Unless the consent form specifically states that identifiable data will be shared, all human subjects’ data must be de-identified prior to sharing with other researchers or deposited into a data repository. View information regarding the HIPAA regulations. Georgetown recommends deidentification consistent with the Safe Harbor Rule at §164.514(b)(2).

See NIH Guidance on Protecting Privacy When Sharing Human Research Participant Data

Institutional Oversight

Oversight of compliance with the NIH DMS Policy will be shared by multiple offices at Georgetown. At time of proposal submission, JORA will ensure that proposals include a data management and sharing plan. For projects involving human subjects research, Plans must be submitted with the protocol for review by the Institutional Review Board at the Just in Time stage prior to grant award. At the time of submission of the progress reports or RPPRs, JORA will review the RPPR to verify that researchers have documented their compliance with the plan. When the grant expires, the Office of Research Oversight will verify that the researcher has deposited the data in a data repository. The Office of Technology Commercialization will review the data use agreements associated with the data repositories.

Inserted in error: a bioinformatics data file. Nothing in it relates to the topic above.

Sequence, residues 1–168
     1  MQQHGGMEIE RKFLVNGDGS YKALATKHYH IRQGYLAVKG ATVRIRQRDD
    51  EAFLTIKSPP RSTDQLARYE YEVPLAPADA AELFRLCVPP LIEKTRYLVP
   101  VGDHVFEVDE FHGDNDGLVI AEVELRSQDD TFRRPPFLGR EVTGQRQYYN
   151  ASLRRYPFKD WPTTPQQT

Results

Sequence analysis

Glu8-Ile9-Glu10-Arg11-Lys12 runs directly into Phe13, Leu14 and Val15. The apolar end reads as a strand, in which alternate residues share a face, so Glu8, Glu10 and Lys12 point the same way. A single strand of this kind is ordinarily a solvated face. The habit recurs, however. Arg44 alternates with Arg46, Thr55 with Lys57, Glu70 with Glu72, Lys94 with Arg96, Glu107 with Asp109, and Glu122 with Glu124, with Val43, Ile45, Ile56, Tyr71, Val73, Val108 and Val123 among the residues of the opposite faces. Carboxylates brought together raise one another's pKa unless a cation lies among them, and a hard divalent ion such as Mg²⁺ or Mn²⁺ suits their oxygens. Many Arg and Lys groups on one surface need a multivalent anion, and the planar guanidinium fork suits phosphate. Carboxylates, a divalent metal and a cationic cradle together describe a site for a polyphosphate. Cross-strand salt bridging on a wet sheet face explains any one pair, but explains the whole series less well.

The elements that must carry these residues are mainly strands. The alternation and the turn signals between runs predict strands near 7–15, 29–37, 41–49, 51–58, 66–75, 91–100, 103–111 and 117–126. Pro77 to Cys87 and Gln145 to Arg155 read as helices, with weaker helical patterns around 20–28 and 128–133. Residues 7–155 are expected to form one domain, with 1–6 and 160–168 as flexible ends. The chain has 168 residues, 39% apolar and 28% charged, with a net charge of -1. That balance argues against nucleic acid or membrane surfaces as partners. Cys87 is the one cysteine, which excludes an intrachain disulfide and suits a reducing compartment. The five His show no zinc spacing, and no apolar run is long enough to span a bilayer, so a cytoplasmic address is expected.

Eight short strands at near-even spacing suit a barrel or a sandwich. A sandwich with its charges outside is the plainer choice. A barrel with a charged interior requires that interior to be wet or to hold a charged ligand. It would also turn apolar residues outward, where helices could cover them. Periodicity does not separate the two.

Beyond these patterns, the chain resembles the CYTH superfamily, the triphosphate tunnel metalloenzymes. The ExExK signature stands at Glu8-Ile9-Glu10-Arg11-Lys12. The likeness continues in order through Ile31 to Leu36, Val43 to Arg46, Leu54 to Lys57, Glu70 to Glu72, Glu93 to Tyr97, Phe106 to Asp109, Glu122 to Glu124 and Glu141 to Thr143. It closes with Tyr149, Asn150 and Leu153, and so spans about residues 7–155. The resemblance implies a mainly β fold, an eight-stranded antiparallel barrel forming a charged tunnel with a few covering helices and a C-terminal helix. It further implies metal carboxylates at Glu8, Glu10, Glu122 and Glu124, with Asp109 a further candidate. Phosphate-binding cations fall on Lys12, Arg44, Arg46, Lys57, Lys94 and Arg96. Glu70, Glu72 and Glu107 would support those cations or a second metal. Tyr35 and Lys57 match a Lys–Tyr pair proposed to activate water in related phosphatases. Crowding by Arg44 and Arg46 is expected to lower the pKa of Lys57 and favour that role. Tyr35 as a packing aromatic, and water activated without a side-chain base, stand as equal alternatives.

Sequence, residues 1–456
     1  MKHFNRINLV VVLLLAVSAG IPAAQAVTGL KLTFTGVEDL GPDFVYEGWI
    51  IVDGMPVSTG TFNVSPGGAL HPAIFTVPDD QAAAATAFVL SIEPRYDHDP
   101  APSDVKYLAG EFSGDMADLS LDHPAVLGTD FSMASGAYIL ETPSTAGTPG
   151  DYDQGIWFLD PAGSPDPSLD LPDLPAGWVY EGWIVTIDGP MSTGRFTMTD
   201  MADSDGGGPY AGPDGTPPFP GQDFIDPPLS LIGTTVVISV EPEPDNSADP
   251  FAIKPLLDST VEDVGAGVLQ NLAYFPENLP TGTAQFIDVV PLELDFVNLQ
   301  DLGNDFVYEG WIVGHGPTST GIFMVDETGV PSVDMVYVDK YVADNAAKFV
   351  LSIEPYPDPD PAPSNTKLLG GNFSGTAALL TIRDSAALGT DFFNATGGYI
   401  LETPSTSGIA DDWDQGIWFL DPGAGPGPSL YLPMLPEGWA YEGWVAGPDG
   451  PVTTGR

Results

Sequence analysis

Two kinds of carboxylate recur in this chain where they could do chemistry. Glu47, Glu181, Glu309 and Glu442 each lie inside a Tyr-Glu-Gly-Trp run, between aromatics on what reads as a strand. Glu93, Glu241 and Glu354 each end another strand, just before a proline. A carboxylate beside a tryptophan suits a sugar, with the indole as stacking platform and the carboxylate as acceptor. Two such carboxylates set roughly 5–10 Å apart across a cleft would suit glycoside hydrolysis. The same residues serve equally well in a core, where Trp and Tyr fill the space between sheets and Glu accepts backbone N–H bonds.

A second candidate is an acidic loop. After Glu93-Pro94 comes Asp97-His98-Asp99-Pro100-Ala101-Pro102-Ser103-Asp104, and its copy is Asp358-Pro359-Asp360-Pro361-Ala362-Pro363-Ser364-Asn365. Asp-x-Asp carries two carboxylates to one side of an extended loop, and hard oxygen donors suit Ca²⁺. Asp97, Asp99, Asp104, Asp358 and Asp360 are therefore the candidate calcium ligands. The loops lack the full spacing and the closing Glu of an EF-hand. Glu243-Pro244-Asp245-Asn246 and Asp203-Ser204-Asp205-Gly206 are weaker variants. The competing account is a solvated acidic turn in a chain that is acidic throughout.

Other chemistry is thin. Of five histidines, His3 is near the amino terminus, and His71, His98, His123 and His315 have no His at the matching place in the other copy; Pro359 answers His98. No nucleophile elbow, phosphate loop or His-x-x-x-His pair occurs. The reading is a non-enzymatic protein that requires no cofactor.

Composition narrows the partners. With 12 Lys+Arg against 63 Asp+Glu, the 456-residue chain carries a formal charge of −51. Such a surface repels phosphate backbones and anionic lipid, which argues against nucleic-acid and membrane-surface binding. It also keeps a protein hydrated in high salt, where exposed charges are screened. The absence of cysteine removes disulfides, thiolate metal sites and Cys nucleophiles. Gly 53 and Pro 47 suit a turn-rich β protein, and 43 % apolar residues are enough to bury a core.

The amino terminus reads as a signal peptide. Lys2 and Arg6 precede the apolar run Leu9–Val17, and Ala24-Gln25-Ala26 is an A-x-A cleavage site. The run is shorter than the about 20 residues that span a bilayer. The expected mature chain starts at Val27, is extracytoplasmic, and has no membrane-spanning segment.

Georgetown Data Management Resources

NIH Resources

Please note that other U.S. Government sponsors have data management and sharing requirements as well. View additional information about these requirements.


Georgetown University is a member of Open Researcher and Contributor ID (“ORCID”), a service that offers researchers a unique, persistent identifier that is free of change, to enable researchers to manage their scholarly identity regardless of changes in name, location, career, and discipline. Georgetown recommends that faculty, postdoctoral fellows, students, and staff engaged in research use ORCID to create a unique, persistent identifier that will remain the same throughout their career. 

Learn More About ORCID